Sunday, December 30, 2012

Fun with Elf on the Shelf

I previously wrote a post asking friends and familiy to participate in Elf on the Shelf for a bit of Christmas fun.  We had two particpants and loved the photos we received!!  We hope to make this a bit of a tradition and get even more people involved in the years to come! Below are the wonderful pictures!  Thank you to Joni and Jamie, Keith, Kara and Nina for participating!  Seeing your photos helped us to feel a bit closer to home this holiday season.

# 1 - Joni Luke and her Santa! 


Joni with her Santa!
Hope Santa doesn't shoot a reindeer!

#2 - Kara and her elf named Merry!

Our sweet niece and her Elf on the Shelf book.
Kara with her elf, Merry.
Merry was present at the birth of Jesus, too.






Merry the musician.


Keeping a close watch.



Just hanging around. . .
Kara stayed in her bed all night!



 AND last but not least, our elf Tinsel:


Searching for a good Christmas movie on Netflix.


Snuggling up with Grover.

Hope everyone was good and Santa brought all kinds of goodies!







Monday, December 24, 2012

Christmas Time in Berlin

Because we are unable to be home with family this year, Ben and I chose to spend our Christmas in Berlin, Germany.  We left Dubai in the early hours of December 21st and arrived in Berlin around 1:30 pm.  Our flights were mostly uneventful although we weren't able to accomplish much shut eye. After landing we made our way through customs, figured out the train system here and made our way to our hostel. After we checked in around 3:30 pm, we decided to take a nap prior to exploring and finding something to eat.  We set the alarm so we would wake up after a couple of hours which turned into 16 hours.... Oops....

We awoke, showered and headed out into the city early the 22nd. Many, many places were still closed even though it was after 8 am, but we did find this cafe that had a large selection of German pastries and good coffee. Ben had a cherry strudel and I had some delicious thing that I cannot remember what it was called.  After breakfast we continued exploring on foot and purchased tickets to a few of the museums.  There were displays from Germany's past, as well as Egypt, Rome, and Greece.  Since it was about 27 degrees and we are used to thinking that 70 degrees is cold in Dubai, we were happy to get out of the cold for a bit.  I found the museums to be a bit lack luster since most of the cool looking things only had descriptions in German...

When we were finished at the first museum, we decided it was time to check out the Christmas markets.  We went to the closest market and the first thing we grabbed was a warm mug of gluhwein, or mulled wine.  Holy bajeezes it was delicious! It tasted like adult Christmas in a cup! The tasty nectar of the gods came in actual mugs which you pay a 3 Euro deposit for the first time and then continue to have the same mug refilled as you go.  You can have additional alcohol added, such as rum, but we chose the traditional wine sans the rum.

Next it was time for food! The Christmas market had many stands with traditional German food for us to choose from. Ben and I decided to share a bratwurst so that we would have enough room to try other foods as well. The brats were cooked on this large circling grill over an open fire and the guy spun the grill himself.  The brat was hot and delicious and the bun was very fresh.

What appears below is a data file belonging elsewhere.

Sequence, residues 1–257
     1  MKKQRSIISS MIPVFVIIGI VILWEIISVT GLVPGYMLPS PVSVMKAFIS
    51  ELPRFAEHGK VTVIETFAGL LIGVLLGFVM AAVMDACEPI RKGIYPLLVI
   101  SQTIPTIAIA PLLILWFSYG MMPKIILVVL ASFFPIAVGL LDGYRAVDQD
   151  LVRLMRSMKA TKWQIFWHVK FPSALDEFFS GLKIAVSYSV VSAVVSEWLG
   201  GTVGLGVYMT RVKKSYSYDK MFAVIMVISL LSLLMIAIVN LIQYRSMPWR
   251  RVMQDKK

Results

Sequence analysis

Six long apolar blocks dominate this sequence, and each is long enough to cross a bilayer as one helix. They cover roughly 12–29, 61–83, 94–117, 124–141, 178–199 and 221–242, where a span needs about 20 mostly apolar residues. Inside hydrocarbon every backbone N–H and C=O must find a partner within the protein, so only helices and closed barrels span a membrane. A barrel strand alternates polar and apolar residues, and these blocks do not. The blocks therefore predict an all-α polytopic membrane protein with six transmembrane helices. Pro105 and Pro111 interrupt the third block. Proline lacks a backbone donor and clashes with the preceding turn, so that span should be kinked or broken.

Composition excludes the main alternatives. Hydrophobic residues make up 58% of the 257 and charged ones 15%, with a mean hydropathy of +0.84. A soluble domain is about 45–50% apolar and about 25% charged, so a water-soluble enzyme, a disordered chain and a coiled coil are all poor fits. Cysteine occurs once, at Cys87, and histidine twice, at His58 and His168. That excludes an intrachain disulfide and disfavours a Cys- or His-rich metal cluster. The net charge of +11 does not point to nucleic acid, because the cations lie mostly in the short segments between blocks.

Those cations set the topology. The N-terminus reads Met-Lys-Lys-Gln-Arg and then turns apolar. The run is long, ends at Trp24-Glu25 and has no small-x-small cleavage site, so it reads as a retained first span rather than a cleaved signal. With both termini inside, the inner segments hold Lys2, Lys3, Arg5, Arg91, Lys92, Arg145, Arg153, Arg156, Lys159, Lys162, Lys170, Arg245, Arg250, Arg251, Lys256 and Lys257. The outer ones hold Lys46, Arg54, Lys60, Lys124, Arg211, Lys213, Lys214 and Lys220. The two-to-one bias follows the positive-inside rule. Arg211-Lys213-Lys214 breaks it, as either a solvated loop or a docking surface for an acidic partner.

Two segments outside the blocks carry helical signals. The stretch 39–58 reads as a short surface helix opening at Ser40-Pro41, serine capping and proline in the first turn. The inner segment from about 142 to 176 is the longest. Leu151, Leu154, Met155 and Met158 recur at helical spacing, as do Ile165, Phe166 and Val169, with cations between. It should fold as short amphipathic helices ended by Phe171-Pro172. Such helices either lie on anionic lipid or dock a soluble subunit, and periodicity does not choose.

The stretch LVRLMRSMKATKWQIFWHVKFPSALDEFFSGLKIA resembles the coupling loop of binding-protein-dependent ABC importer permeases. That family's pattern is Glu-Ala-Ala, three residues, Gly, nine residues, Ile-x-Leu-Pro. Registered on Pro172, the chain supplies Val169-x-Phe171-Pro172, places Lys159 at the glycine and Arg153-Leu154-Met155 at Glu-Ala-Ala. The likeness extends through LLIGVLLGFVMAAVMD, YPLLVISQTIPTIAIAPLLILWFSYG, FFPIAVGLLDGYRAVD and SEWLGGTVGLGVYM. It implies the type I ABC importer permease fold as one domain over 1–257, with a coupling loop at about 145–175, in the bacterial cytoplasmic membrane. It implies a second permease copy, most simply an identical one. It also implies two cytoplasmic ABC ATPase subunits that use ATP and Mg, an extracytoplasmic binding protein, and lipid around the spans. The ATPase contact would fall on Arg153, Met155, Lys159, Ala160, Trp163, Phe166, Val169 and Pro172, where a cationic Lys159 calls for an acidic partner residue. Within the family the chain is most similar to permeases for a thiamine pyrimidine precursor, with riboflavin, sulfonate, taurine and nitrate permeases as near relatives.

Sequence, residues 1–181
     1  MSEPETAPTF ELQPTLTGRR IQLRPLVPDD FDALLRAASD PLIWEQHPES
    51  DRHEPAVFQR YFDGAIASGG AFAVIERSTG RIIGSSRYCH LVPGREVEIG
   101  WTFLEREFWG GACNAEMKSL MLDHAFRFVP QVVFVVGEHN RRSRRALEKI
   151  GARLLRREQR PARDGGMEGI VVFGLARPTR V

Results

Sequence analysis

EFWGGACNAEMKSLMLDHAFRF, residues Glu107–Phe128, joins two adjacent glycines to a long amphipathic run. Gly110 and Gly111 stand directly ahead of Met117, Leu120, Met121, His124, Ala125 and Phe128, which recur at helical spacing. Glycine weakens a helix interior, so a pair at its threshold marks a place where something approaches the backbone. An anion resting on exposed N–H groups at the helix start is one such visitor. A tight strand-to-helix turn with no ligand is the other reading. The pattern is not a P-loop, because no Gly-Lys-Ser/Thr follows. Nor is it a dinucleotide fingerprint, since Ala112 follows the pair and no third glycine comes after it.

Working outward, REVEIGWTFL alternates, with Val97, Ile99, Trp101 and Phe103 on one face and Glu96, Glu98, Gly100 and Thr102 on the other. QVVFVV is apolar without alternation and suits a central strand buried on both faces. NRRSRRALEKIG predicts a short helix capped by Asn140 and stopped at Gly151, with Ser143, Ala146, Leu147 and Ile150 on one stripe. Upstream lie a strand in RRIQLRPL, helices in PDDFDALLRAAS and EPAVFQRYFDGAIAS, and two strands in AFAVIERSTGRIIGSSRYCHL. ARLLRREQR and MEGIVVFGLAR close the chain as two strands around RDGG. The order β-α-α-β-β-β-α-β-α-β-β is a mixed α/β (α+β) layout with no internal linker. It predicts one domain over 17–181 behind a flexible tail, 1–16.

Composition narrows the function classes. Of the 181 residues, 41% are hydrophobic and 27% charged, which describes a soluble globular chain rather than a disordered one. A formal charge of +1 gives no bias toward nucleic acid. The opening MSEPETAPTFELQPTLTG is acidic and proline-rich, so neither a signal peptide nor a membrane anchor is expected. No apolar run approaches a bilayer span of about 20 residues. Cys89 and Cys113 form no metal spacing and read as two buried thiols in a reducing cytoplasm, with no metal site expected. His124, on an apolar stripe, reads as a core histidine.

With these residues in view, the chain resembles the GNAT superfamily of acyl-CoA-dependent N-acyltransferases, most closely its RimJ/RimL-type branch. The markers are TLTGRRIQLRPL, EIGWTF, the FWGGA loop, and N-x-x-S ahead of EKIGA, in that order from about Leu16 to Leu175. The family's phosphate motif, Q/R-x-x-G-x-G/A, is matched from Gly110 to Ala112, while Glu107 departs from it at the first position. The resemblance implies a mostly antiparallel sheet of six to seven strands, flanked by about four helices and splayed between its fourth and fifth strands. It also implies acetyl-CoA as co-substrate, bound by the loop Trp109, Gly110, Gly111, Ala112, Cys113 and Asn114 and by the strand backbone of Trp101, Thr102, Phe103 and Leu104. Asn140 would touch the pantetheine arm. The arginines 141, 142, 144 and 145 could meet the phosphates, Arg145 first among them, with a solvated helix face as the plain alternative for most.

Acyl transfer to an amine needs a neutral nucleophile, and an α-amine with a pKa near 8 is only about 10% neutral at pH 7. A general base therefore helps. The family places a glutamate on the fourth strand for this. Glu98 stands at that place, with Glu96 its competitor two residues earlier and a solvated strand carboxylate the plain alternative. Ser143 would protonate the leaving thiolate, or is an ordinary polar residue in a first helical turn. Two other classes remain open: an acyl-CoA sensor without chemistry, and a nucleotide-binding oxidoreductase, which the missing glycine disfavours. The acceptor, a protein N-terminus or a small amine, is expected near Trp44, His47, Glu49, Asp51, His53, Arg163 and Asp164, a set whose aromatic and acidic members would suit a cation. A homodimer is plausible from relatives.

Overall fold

There were many stands with yummy treats and I was drawn to the candied almonds.  They had many flavors to choose from including chili, rum and Baileys. The woman at the stand was very kind and allowed me to try most of the flavors and I purchased a small bag of the Baileys almonds for munching.  We also tried traditional Berlin lard cookie things and a pretzel covered in cheese - both we're outstanding!

After going through one more museum we headed back to the hostel. We stopped at another Christmas market where we tried chestnuts that were actually roasted on an open fire! They are so tasty! Ben thinks they taste like a potato with butter and I think they taste similar to edamame. Either way they are delicious! When we got back to the hostel we talked with the K's and decided to go see Stomp.  We jumped on the train and made our way to the theater, purchased our tickets and went next door for supper. Ben was excited to have a good beer and we were both excited for pork and sauerkraut. Ben had a brat with sauerkraut and I ordered the shank which turned out to be a huge chunk of meat still on the bone and incredibly hard to eat (but was still good).  After supper we went to Stomp which was AWESOME and then headed back to the hostel for the night.

My favorite part of the day was being able to enjoy the snow. It began in the morning and continued throughout most of the day. It helped to make Germany feel a bit more like Christmas even though we were away from the people we love.

Monday, December 17, 2012

'Tis the Season

 It is hard for me to believe that Christmas is just a week away.  I think the warm climate has something to do with it, but this year also seemed to pass in a blur.  It's crazy to look back on the year and see how many HUGE life changes occurred.  Ben and I got engaged, I quit my job, got married and moved to another country.  Big year.


My new look.  I think green is my color.